Few women politicians apart from Hillary Clinton are known to most of the American public, though most do think that America is ready to elect a woman as President
Even though 2/3 of Americans in the latest Economist/YouGov Poll think the country is ready for a woman president, there is no guarantee that a woman will even be on the ballot in 2016. Although her candidacy is greatly anticipated – or greatly dreaded -- by many, Hillary Clinton has not yet made a decision yet on whether or not to run.
Several media outlets (for example the Wall Street Journal and CBS News) have published stories about those who have doubts about her running. Others have speculated about what could happen if she chose not to run; the Washington Post, for example, predicted "chaos" on the Democratic field. But with so many Americans thinking the country is ready for a woman president, what other women do Americans think could or should run for the highest office in the land?
For the past several weeks, the Economist/YouGov Poll has asked Americans their opinions of other women who could potentially run for president. Last week, when people were asked what women other than Hillary Clinton Americans would want to run for president in either 2016 or 2020, 49 different names were mentioned. However, there were only 8 women named by at least 1% of survey takers, and nearly 2/3 of those in the survey couldn't name a single other woman beyond Clinton.
What happened when Americans were asked directly about women currently serving in offices that serve as the traditional spring boards to running for president – Governor and Senator? Since 1932, Americans have elected only two men -- Dwight D. Eisenhower and George H.W. Bush -- who have never served as either. In fact, other than those two men (and Gerald Ford in 1976), both major parties' nominees since 1932 have served as either a Senator or a Governor.
There are currently 5 women Governors and 20 women US Senators, but most Americans don't know who they are. For 21 of the 25 women currently in office, a majority of Americans said they didn't know enough about them to have either a favorable or an unfavorable opinion. Arizona's Governor, Jan Brewer, was the only current serving woman Governor with less than 50% responding don't know. But even though we asked this question right after Brewer vetoed a controversial religious freedom bill that gained national media coverage, still 42% of people didn't know about her. In contrast, only 8% didn’t know enough about former Alaska Governor Sarah Palin.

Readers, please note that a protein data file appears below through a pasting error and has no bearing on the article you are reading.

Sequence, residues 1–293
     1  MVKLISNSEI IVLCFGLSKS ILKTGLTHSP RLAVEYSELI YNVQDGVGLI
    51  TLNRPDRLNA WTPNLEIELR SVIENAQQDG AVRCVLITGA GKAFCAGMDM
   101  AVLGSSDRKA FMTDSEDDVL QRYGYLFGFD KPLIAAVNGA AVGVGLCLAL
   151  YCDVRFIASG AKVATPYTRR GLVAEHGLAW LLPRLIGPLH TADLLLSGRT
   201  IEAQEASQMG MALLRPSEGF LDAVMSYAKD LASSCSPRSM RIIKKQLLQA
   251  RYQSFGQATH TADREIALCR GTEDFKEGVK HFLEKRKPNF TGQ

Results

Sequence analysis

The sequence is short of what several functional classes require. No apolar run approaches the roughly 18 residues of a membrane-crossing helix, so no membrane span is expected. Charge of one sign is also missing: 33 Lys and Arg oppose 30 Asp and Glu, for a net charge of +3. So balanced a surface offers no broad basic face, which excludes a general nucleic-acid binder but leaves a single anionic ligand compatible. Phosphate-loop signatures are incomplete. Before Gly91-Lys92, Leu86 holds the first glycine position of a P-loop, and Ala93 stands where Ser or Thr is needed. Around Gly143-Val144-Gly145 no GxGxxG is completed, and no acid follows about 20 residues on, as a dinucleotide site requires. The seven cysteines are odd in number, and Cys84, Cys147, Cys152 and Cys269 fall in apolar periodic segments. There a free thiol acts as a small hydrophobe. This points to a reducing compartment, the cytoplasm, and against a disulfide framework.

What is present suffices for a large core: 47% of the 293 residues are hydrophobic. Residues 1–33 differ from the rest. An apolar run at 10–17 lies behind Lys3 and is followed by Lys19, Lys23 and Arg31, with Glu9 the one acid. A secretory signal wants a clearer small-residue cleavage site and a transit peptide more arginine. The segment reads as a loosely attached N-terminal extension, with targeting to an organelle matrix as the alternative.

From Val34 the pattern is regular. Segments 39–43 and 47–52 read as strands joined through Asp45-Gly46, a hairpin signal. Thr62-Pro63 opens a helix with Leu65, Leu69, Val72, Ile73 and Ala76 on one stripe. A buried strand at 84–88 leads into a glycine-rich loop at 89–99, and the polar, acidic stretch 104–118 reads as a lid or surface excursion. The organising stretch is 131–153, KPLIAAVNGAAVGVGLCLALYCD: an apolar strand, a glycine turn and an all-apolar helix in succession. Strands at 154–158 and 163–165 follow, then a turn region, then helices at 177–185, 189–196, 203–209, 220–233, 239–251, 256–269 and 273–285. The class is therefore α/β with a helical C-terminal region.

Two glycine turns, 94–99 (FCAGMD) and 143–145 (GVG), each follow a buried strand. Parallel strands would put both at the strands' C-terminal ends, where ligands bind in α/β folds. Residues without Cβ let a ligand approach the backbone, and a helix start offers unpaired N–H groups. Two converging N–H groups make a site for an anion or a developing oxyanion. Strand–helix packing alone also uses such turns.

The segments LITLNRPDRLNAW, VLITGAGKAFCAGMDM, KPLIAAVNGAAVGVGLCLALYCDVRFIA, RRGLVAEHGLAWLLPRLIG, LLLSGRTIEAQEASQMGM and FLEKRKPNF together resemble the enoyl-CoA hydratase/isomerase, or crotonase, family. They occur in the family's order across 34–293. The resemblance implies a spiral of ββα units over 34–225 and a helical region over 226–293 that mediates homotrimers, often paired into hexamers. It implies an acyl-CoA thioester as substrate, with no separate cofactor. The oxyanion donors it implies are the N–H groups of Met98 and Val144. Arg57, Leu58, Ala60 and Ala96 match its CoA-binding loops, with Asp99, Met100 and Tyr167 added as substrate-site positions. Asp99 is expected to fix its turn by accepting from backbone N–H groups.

Things aren't better in the US Senate. 22 of the 25 women currently serving in the US Senate face the same name recognition problem. Only Dianne Feinstein and Barbara Boxer, who have both represented California in the Senate for more than 20 years, and Massachusetts' Elizabeth Warren had more than 50% recognition. In contrast, only 7% reported not knowing about Hillary Clinton, the former US Senator from New York.
A lot can change in the two years from now until 2016. For example, back in February 2006, a Gallup poll about Democratic presidential contenders for 2008 did not even include Barack Obama, then a freshman US Senator from Illinois.
In addition to these name recognition problems (which every candidate faces), women candidates have additional challenges. For example, surveys dating back almost twenty years show that only for a decade have a majority of Americans thought the country was ready for a woman president. That figure continues to grow.
But while 65% of Americans think the country is ready for a woman president, only 54% -- 11 points fewer -- think most people they know would vote for a woman candidate for president. Unlike the previous question, this question has shown both increases and decreases over the past few years.
National security concerns and gender stereotypes may have combined to give rise to doubts about women as presidents: with Russia pursuing a very aggressive foreign policy, the threat of Iranians developing nuclear weapons, the use of chemical weapons in Syria, the Arab Spring and its aftermath, and the seemingly incoherent actions of North Korea may have highlighted international concerns today, raising doubts about women leaders. When asked if people had confidence in a woman president's ability to deal with an international crisis, an overall majority of Americans -- and majorities of Democrats and Independents -- expressed having confidence, but a majority of Republicans were either unsure or not confident.
Political Scientist, Michele Swers, found that "gender stereotypes favoring male defense leadership create an additional hurdle for women, particularly Democratic women, as they seek to establish their reputations on security." Is that true? While nearly half reported that men and women were equally tough when it came to national defense, 24% said men were tougher. But when we asked if female politicians have to appear to be tougher on national defense, more Americans disagreed.
Are there other stereotypes –such as how Americans view displays of emotion -- that affect women candidates but not their male counterparts? Are men and women judged differently? Just last month a Boston Globe writer penned a piece called "Big girls do cry, and that's OK" Americans appear to think that both big boys and big girls show emotion and that's OK. 62% of Americans said it was appropriate for male candidates and female candidates to show their emotions in public.
Full results can be found here.
Economist/YouGov poll archives can be found here.